By Rory Carroll
SAN FRANCISCO, Sept 7 (Reuters Point Carbon) - Major banks are weighing whether to wade into the California carbon market, which experts believe could grow into a $40 billion a year market by 2020, but one that is also loaded with risk and uncertainty.
Following last week's successful test of the state's auction platform, the reality is starting to settle in: California carbon trading has overcome legal and political challenges to position itself a mere 10 weeks away from its first official CO2 permit sale.
The carbon market's success or failure will sway U.S. environmental policy for years to come, and early-moving Canadian banks like Bank of Nova Scotia (Scotiabank) and the Royal Bank of Canada, as well European banks like Deutsche Bank and Barclays, could play a critical role in that outcome.
Banks facilitate the purchases and sales of carbon credits for their clients, advise company executives on how to keep their costs down, and ultimately help them meet their environmental goals.
But so far, most brand-name investment banks have either kept their distance or already walked away, wary of pumping precious capital into the nascent market, especially in light of their tumultuous experience in the European carbon market.
Just as California hopes to learn from the mistakes made by their counterparts in Europe, where the eight-year-old market has been beset with plunging prices and regulatory uncertainty, banks hope to marshal their European experience to give them an advantage in California.
"We've been trading in Europe for years, so we have a deep understanding of carbon right now," said Anthony D'Agostino, director of emissions markets for the Royal Bank of Canada.
"To replicate this in California is a no-brainer for us," he said.
Although it does not have a long history in emissions markets, Canada-based Scotiabank is the most active bank in the market at this point, with a client roster of oil companies and utilities that represent over half the state's carbon emissions.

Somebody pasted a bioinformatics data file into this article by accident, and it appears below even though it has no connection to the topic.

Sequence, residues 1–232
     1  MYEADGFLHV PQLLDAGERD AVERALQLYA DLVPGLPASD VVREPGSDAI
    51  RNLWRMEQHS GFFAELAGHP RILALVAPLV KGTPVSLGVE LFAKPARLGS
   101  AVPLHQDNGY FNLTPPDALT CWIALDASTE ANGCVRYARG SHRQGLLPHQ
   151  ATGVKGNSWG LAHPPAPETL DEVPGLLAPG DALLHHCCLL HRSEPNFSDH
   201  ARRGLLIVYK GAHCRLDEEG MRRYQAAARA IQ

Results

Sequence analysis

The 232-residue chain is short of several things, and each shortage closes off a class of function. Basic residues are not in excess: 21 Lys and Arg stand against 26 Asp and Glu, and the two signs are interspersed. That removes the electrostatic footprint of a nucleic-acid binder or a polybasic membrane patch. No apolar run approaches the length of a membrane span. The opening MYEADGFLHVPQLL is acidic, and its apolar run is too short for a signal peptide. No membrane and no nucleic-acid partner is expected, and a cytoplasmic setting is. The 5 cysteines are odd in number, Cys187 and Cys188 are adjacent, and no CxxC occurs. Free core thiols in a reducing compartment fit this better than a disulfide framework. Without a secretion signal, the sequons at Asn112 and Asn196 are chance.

Jeff King, managing director of environmental markets, said the experience he has gained in early exchange and over-the-counter California carbon trading will give the bank a leg up once large California companies become more active in the market.
"The market is new, volatile, and trades on news events," he said.
"Some banks are staying away because they keep hearing that cap and trade is dead," he said. "It's taken a long time but it's really just taking root in North America now. This issue isn't going away."
ALREADY OUT THE DOOR
Some big banks have already walked away from the emerging market, soured by their European experience and disappointed that federal carbon market legislation was killed in the U.S. Senate in 2010.
Jason Patrick led Merrill Lynch's U.S. environmental products desk until the Bank of America-owned bank closed it down last March.
But he opted to stay in the young market anyway, helping launch a new company, Real Options International, to assist clients navigating the complexities of the California carbon market, in addition to other environmental and energy markets.
"We believe the California market is here to stay," he said.
He said the lack of participation by big banks creates an opening for independent traders as well as small investment funds willing to take on risk.
"There is less appetite at the banks for emerging markets after the financial crisis," Patrick said. "That creates great opportunities for those that are willing to get involved, particularly those that get involved early."
London-based bank Barclays, an early mover in the California market, did an about-face and closed its desk in January, letting go of trader Kedin Kilgore, who executed the first deal for a California carbon allowance forward contract in November 2010.